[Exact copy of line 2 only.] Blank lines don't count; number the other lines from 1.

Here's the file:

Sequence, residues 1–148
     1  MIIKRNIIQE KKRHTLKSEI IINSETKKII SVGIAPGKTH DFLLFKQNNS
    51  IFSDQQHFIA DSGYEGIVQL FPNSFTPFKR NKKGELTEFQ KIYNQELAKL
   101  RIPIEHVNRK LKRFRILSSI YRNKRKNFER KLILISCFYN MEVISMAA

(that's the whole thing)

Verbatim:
     1  MIIKRNIIQE KKRHTLKSEI IINSETKKII SVGIAPGKTH DFLLFKQNNS